The new head of US prisons promises truth and reform of a troubled system
By MICHAEL R. SISAK and MICHAEL BALSAMO, Associated Press
WASHINGTON (AP) — The stranger brought in to reform the ailing Federal Bureau of Prisons pledged Monday to hold accountable any employee who sexually assaults inmates, reform archaic hiring practices and bring new transparency to a agency that has long been a haven of secrecy and concealment.
Colette Peters detailed her vision in an extensive interview with The Associated Press, her first since becoming director nearly three months ago.
She said she wants to reorient the agency’s recruiting and hiring practices to find candidates who want to “change hearts and minds” and end systemic abuse and corruption. She would not rule out closing problematic prisons, although there are currently no plans to do so.
As Oregon Prison Warden, Peters developed the “Oregon Way” of prison management, which aims to transform “environments inside correctional facilities to be more normal and humane”, according to the State Prisons website. She oversaw steep declines in Oregon’s prison population.
Skeptics within the base of the federal prison system called his approach “kissing a thug.” Peters didn’t mind, but he came up with a different term: “chocolate hearts.”
Peters said his ideal prison worker was as interested in preparing inmates for reintegration into society after their sentence as he was in maintaining order while those inmates were still locked up within prison walls.
“Our job, as you’ve heard me say before, is not to make good inmates. It’s to make good neighbours,” Peters said. “They’re coming back into our communities, and so we need to hire the right people up front with that kind of thinking to help us do that.”
It’s a departure from the agency’s previous recruiting model which emphasized labor law enforcement aspects. Peters’ approach is similar to prison management in Norway, where the emphasis behind bars is more on rehabilitation and promoting a humane approach.
But Peters acknowledges the major obstacles to reforming the Justice Department’s largest agency, a juggernaut with more than 30,000 staff, 158,000 inmates and an annual budget of around $8 billion.
Peters has visited three federal prisons so far as warden.
Two have been the source of the agency’s biggest controversies: a federal women’s prison in Dublin, California, where the warden and several other female employees have been accused of sexually abusing inmates, and the federal prison in Sheridan, Oregon, where inmates say they were denied showers. during a hunger strike and manhandled by a special tactical team.
On Tuesday, she is scheduled to travel to the US Penitentiary in Atlanta with one of the agency’s most vocal critics in Congress, Sen. Jon Ossoff, D-Ga. Ossoff’s committee investigated the agency and clashed with its predecessor, Michael Carvajal.
Peters in the interview pointedly acknowledged that the agency was facing a massive staffing crisis that is at the center of its myriad problems, something Carvajal refused to do.
Staff shortages have hampered emergency responses and slowed implementation of the First Step Act, a criminal justice overhaul championed by Democrats and Republicans in Congress.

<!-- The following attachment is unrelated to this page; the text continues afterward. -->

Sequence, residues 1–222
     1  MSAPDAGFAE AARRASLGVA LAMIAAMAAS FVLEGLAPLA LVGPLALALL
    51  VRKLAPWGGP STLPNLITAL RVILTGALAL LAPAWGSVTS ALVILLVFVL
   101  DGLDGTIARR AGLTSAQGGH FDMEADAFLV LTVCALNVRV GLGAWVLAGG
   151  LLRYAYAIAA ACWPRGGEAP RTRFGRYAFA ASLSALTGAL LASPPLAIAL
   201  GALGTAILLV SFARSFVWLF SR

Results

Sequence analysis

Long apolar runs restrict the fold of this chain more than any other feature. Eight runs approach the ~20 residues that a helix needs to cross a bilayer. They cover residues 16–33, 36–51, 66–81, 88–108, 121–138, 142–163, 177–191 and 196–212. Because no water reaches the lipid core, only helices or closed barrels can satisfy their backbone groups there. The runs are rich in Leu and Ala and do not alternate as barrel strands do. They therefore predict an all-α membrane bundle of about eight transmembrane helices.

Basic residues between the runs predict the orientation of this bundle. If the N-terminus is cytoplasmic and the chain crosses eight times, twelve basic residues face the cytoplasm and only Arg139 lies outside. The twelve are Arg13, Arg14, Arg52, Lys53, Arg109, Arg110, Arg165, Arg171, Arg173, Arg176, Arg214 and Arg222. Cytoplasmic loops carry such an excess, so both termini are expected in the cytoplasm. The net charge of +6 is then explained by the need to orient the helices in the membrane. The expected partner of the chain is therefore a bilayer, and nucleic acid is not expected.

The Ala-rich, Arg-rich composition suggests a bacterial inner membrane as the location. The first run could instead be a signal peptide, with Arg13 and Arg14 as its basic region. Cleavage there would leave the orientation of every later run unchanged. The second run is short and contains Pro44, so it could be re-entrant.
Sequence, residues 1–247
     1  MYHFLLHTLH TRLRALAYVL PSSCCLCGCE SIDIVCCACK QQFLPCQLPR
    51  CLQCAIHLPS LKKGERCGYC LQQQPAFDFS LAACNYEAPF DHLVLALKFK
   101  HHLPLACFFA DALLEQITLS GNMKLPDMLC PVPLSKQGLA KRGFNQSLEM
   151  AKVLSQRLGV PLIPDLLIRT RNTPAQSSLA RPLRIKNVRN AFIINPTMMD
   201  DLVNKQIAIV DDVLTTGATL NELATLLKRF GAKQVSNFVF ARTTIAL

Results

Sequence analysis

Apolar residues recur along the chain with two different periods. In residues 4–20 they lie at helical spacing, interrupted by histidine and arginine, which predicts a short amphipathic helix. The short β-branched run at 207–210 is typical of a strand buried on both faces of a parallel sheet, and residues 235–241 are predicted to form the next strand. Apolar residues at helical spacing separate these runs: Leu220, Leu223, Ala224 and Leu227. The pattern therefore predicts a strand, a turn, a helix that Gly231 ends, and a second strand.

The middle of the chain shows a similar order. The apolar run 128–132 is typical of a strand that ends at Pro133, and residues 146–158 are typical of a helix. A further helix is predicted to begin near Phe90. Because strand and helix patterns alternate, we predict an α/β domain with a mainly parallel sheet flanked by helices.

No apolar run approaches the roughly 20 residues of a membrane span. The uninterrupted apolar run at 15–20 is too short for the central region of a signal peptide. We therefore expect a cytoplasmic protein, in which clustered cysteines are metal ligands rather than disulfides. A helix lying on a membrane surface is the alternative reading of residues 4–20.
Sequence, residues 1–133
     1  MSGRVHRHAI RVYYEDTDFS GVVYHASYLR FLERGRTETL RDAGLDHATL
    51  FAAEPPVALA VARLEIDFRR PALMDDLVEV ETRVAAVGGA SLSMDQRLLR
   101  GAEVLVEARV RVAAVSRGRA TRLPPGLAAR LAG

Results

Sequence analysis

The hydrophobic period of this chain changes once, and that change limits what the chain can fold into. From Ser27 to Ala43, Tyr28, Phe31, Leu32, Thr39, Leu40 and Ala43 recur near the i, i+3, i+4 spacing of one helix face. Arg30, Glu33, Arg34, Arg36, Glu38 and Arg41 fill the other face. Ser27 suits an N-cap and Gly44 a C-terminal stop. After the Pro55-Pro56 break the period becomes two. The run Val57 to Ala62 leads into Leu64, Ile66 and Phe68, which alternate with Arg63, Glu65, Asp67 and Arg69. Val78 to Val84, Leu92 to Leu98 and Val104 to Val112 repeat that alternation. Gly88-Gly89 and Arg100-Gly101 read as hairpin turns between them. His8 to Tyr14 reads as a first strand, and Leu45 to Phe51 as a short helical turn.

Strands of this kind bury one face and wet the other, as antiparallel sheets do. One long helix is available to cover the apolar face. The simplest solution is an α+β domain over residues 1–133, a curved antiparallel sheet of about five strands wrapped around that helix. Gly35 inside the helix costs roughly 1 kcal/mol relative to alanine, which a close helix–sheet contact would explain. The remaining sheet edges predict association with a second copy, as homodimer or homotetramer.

“We’re looking for people who want to change hearts and minds, who want to make good neighbors, and safety is a top priority,” Peters said. “And so it’s a paradigm shift, and hopefully it’s one that gets the right people.”
Peters said the personnel crisis, exacerbated by the coronavirus pandemic, has only worsened as the agency seeks new ways to recruit officers and retain staff. A 2021 AP survey found nearly a third of federal correctional officer positions were vacant, forcing prisons to use cooks, teachers, nurses and other workers to guard inmates.
Now, the Bureau of Prisons not only finds itself competing with other law enforcement agencies and employers, but also with fast food restaurants offering signing bonuses. In some cities, the biggest obstacle has been the huge burden of the cost of living. And in rural communities, the agency has struggled to find many qualified candidates.
Peters also promised to have zero tolerance for any employee who abuses his position or sexually abuses inmates in his care.
“We need to continue to hold people accountable, let people see and understand that if you engage in this type of egregious activity, you will go to jail,” she said.
A year ago, the Justice Department made the bold decision to shut down one of its most troubled facilities: the crumbling Manhattan jail where financier Jeffrey Epstein killed himself in 2019.
Peters says the agency has yet to determine whether the jail, the Metropolitan Correctional Center, will reopen — a task that would require a costly structural overhaul. Nor does she rule out the closure of other prisons as repair bills mount and prison populations change.
“We will always analyze the infrastructure,” Peters said. “We have billions of dollars in overdue infrastructure repairs that need to be done across all of our facilities. At some point, there is a return on investment where only the repair cost is too high. »
AP reports have revealed rampant sexual abuse and other criminal behavior by staff, dozens of escapes, deaths and severe staff shortages that have hampered emergency responses.
“I said in this room that I needed to hear the good, the bad and the ugly,” Peters said. “We can’t have any surprises. We need to know what’s going on inside our agency to be able to help.
The Bureau of Prisons has also started ‘on-the-spot checks’ of security cameras in US prisons to ensure officers make rounds to check inmates held in separate accommodations, a major controversy after two agents supposedly keeping Jeffrey Epstein forged documents claiming to have checked him out while they were really sleeping and shopping online.
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